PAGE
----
Tag Archives: Automatic For The People

Rocks In The Attic #478: R.E.M. – ‘Unplugged 1991’ (2014)

RITA#478I’m glad that MTV’s Unplugged shows are gradually becoming more and more available on vinyl. Only the other day I picked up a bootleg of Stone Temple Pilots’ fantastic Unplugged set from 1993. Of course, the really famous ones are Eric Clapton’s Grammy award winning record from 1992, and Nirvana’s swansong show in 1993, also a Grammy winner.  Now if they would just release Aerosmith’s 1990 show, I’d be very happy.

As cynical as you want to be about the whole Unplugged thing – a soul-less cash-in by a corporate TV station only interested in producing programming content – it’s become a nice little time capsule of early ‘90s rock and alternative rock. Of course the show is still going to this day, but the last one recorded was by Miley Cyrus in 2014 which shows just how much it’s devolved over time. It’s just a ratings chaser and always has been. In the early ‘90s, it was Nirvana fans and Pearl Jam fans who were propping up the album charts, these days it’s tweens propping up the download charts.

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R.E.M.’s first Unplugged set (they recorded another one in 2001) is dated between 1991’s Out Of Time and 1992’s Automatic For The People – effectively smack bang in the peak of their career. They take the time to go as far back as their debut record Murmur( for Perfect Circle), and of their studio albums only Reckoning and Fables Of The Reconstruction are passed over. The set does lean a little more towards the later albums – Green and Out Of Time – which is understandable considering how the music videos from those albums had opened the door to the wave of Alternative Rock which would fill the station for the first half of the 1990s.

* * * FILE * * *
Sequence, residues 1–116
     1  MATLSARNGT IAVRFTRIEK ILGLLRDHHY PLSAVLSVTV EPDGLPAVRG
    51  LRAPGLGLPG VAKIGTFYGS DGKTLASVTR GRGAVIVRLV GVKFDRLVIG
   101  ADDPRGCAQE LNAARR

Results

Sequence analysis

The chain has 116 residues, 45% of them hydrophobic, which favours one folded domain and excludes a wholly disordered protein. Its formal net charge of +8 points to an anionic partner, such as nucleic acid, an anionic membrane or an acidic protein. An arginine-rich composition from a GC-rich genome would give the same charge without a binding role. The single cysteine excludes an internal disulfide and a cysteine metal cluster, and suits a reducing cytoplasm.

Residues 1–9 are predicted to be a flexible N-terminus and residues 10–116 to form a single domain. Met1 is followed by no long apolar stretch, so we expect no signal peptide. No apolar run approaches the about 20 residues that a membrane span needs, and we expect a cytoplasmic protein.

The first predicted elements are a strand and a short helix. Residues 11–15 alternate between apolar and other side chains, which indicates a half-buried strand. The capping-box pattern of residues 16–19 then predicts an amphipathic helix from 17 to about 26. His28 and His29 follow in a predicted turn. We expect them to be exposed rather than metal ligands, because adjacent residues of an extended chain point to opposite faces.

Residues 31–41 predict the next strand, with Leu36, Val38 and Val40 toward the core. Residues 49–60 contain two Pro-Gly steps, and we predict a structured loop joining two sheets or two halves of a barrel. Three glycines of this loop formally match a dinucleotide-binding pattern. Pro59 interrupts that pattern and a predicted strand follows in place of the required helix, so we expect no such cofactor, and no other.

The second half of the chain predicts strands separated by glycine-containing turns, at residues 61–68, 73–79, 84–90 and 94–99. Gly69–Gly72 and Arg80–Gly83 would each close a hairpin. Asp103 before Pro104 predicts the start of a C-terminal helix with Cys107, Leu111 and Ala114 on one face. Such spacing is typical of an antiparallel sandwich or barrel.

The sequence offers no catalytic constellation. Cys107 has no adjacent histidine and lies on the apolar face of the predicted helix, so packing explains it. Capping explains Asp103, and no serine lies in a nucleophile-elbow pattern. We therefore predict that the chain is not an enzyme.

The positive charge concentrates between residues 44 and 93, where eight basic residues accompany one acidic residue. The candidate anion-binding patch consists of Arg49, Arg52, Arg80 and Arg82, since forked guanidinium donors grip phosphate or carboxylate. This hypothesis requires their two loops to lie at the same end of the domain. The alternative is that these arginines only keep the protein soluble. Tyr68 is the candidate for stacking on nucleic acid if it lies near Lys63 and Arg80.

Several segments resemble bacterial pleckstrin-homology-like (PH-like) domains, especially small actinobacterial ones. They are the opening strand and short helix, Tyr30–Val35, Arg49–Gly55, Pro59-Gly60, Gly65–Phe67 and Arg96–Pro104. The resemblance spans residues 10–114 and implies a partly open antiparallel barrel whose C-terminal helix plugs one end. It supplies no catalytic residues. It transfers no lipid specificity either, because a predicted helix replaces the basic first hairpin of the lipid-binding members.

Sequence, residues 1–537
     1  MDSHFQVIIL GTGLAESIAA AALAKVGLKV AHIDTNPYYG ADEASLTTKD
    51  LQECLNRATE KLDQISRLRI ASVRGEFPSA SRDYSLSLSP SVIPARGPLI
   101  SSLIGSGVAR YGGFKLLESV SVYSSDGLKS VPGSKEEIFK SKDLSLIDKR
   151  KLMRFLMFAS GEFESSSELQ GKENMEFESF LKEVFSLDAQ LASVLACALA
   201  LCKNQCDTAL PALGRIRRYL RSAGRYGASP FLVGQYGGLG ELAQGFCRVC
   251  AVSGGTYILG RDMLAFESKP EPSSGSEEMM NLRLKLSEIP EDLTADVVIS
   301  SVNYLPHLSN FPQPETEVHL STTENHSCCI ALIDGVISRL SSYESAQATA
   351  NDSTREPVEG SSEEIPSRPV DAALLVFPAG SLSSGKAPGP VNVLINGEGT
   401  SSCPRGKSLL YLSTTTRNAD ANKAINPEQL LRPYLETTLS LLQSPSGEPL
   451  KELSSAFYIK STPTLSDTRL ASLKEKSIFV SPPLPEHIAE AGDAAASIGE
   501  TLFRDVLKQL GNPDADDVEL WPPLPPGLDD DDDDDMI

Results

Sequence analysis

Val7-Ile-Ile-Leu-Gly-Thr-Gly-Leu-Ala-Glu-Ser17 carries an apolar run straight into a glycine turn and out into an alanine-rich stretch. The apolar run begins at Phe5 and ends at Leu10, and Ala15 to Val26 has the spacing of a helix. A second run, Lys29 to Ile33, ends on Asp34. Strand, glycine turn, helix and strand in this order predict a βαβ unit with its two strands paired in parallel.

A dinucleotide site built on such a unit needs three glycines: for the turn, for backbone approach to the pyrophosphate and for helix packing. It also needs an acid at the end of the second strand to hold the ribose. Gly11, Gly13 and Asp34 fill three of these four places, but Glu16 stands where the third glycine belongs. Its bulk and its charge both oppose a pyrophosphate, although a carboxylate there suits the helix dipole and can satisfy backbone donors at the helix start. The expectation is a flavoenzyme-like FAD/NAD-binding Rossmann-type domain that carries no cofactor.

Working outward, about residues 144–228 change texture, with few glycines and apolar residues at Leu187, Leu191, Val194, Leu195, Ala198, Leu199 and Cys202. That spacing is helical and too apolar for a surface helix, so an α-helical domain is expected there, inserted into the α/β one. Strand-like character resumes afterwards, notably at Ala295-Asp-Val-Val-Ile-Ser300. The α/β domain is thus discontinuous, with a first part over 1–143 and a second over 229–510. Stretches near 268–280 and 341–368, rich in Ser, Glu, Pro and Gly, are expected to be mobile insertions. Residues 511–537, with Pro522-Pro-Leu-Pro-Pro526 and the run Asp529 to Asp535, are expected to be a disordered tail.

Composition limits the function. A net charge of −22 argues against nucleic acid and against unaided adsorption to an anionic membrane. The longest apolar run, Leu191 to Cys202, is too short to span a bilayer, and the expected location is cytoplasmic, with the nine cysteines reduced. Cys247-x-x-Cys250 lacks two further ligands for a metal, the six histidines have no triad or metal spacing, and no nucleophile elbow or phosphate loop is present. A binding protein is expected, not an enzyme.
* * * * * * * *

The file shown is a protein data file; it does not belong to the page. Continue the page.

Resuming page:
The sound on this record is superb, and my only gripe is that the guitars all sound a little too clear and bright. That’s R.E.M. all over though – jangly ‘80s pop guitars rather than an authentic dusty blues guitar vibe.

Hit: Losing My Religion

Hidden Gem: Rotary Eleven

Rocks In The Attic #197: R.E.M. – ‘Automatic For The People’ (1992)

RITA#197This was one of the first CDs I ever bought. In fact, it might have been only the second or third such purchase. As soon as I started listening to music obsessively, I joined one of those music mail-order clubs, where you choose a stack of CDs for a really low price, and then they try and send you the latest new release every month. Automatic For The People was in that first stack of CDs I bought from them. I thought then, as I do now, that it’s a perfect album. There’s nothing about it that I dislike, and it’s remained a firm favourite ever since.

R.E.M. fans will have you believe that their earlier albums are where it’s at, but for me, everything they ever did in their formative years leads to this album, and everything they did afterwards was just a steady downhill decline. If somebody was foolish enough to say that Murmur or Reckoning was a better album than this, I’d just laugh in their stupid face. There’s a horrible trend for musos to instantly dislike an album as soon as it’s crossed over into the mainstream and achieved a certain level of acclaim. I’m probably guilty of having done this from time to time. To dismiss this album in that fashion though would be a real mistake for anybody to make.

I’ve listened to this album on a couple of road trips, and it seems to attain something different when you listen to it while travelling. I’m not exactly sure what it is, but I think the mood of the album seems to make more sense. R.E.M. are a very American band – they deal in Americana – sometimes to the detriment to their reputation outside their native country, to people who might not necessarily always ‘get’ them; but I think the universal themes of the album – loss, regret and longing – seem to connect better somehow on the road.

Hit: Everybody Hurts

Hidden Gem: Drive

Rocks In The Attic #171: R.E.M. – ‘Monster’ (1994)

Unlike a lot of R.E.M. fans, I really like this album. It was the first album of theirs to be released after I started listening to music (I had started listening to music obsessively whilst Automatic For The People was oute, but I was too concerned with other bands to pay any notice to R.E.M. or to that album at the time).